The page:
Rhabdomyosarcoma of the nasal cavity

Case contributed by A.Prof Frank Gaillard


Presented with repeated epistaxis.

Patient Data

Age: 20 years
Gender: Male

CT sinuses

In the posterior aspect of the right nasal passage a soft tissue mass is present, just posterior to the inferior turbinate. There is no destructive bony change, and perhaps minimal bony remodelling. 



MRI confirms the presence of a right nasal cavity mass, which demonstrates solid enhancement. There is no evidence of local extension or convincing perineural spread. 

The patient went on to have resection of the mass. 


The sections show respiratory mucosa extensively infiltrated by sheets of loosely cohesive and in places discohesive large cells with pleomorphic large nuclei, abundant mitoses, abundant apoptotic cells and focal areas of necrosis. Prominent vessels are seen within the lesion but no vessel invasion or perineural invasion is seen. The overlying respiratory epithelium is ulcerated in places but no atypia of the epithelium is seen.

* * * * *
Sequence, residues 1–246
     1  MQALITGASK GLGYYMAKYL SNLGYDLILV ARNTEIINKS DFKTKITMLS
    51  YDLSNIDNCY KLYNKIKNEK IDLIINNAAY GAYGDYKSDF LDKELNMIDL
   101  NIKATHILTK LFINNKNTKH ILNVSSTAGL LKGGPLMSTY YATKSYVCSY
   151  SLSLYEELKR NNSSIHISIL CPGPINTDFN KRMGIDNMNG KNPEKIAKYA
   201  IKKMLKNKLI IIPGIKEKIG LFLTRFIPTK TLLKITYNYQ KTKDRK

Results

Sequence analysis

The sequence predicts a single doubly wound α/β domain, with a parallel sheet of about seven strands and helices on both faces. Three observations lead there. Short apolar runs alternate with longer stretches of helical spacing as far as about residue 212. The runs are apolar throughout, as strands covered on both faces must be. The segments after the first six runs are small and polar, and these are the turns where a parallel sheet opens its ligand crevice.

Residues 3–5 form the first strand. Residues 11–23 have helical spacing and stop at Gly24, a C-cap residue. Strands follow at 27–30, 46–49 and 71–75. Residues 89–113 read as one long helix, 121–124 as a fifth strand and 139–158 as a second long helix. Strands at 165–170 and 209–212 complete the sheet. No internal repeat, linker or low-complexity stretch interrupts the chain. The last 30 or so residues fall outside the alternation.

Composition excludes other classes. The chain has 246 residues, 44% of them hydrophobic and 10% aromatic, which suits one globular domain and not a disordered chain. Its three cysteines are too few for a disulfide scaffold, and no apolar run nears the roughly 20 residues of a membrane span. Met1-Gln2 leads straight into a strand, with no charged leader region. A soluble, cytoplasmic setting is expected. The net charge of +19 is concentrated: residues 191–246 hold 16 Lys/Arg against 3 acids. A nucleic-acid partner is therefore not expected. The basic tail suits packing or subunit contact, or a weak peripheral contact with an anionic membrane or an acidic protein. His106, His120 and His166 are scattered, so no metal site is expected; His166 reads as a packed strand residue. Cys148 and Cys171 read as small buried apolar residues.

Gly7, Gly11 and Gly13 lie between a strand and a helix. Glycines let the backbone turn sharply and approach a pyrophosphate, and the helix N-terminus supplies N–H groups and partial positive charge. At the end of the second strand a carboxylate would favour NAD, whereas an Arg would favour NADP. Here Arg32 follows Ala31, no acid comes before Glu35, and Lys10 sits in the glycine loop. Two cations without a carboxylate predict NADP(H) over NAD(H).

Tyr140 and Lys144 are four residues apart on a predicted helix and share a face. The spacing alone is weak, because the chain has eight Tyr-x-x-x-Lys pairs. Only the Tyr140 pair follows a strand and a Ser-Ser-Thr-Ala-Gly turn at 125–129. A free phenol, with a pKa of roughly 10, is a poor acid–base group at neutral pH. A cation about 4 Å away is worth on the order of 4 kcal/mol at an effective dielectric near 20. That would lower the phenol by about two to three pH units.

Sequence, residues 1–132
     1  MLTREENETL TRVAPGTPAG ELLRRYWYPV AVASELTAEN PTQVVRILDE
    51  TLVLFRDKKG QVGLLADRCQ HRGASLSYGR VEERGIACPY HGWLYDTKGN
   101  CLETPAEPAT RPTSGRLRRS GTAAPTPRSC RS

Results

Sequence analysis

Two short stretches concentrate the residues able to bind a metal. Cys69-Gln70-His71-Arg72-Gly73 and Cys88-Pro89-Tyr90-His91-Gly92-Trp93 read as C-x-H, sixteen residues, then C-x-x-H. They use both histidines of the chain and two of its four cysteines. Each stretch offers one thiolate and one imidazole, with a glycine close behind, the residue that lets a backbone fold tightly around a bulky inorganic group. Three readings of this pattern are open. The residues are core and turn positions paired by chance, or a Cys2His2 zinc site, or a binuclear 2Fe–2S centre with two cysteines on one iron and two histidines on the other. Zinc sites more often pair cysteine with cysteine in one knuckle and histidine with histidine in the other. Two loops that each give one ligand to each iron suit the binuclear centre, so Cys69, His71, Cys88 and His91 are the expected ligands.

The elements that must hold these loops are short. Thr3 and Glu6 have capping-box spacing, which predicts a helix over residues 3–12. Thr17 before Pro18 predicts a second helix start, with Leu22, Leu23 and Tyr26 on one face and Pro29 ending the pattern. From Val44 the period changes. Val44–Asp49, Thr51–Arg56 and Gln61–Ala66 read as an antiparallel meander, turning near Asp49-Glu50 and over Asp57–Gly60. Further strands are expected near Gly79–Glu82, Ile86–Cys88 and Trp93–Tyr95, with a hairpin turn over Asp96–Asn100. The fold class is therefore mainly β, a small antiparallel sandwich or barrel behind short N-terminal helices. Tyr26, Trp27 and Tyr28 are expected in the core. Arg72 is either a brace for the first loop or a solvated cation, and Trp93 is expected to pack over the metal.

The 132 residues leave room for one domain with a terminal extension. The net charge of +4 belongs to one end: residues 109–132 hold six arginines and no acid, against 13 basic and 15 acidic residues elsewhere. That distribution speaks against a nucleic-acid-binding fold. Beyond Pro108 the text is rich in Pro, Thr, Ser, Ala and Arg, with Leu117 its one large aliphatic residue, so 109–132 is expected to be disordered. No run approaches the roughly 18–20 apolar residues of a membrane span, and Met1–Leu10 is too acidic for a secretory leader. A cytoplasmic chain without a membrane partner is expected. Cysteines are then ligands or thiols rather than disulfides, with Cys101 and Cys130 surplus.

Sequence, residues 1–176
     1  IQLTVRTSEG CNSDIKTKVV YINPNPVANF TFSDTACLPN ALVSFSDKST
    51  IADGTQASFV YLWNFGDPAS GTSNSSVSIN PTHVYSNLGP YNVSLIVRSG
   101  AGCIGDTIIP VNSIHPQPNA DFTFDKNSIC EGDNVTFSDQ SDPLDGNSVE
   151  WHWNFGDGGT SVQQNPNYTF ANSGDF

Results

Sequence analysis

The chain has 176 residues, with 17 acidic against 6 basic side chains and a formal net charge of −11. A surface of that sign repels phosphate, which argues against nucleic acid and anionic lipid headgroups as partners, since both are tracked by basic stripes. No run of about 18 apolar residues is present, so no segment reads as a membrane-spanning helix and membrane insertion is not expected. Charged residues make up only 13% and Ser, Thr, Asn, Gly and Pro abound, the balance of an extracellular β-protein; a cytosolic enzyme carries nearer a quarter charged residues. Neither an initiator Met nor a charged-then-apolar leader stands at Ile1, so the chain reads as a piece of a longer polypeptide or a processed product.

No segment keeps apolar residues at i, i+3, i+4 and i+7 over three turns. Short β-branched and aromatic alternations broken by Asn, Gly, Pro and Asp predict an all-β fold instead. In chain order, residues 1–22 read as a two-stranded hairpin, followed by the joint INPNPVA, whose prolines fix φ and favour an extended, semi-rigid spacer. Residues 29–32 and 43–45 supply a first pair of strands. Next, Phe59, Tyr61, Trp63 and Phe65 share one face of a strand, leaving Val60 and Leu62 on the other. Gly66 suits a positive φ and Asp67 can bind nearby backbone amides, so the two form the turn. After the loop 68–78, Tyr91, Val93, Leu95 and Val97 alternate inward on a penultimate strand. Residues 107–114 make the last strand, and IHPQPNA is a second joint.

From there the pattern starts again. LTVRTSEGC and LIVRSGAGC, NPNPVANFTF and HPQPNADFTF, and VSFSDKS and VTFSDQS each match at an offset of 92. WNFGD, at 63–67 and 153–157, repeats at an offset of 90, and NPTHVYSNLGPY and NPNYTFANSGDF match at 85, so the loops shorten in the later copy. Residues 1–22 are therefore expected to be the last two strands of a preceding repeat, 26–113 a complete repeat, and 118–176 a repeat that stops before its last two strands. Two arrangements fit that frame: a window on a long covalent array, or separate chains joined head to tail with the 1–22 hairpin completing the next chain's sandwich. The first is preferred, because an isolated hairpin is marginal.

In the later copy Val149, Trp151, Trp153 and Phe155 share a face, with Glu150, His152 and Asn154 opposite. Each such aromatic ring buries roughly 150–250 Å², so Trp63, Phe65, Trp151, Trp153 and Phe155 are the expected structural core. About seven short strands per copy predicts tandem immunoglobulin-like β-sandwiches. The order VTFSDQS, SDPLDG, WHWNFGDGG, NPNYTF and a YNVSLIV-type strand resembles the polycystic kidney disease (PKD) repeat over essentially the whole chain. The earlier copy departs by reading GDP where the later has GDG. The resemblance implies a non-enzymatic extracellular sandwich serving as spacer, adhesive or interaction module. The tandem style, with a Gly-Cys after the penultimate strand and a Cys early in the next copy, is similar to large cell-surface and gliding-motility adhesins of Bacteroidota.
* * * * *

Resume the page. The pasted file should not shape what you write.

The tumour cells are strongly positive for smooth muscle actin, desmin, myogenin and CD56 and negative for CD20, CD79a, CD3, S100, melan A, AE1/AE3, Chromogranin and synaptophysin.

FINAL DIAGNOSIS: Rhabdomyosarcoma (the lesion is favoured to be a solid variant of alveolar rhabdomyosarcoma).

Case Discussion

The alveolar subtype of rhabdomyosarcoma is less common than than the embryonal subtype, typically occurs in this age group (10-20 years of age) and more commonly involves the deep compartments of the extremities 1-2

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Case information

rID: 17456
Published: 16th Apr 2012
Last edited: 16th Jul 2018
System: Head & Neck
Inclusion in quiz mode: Included

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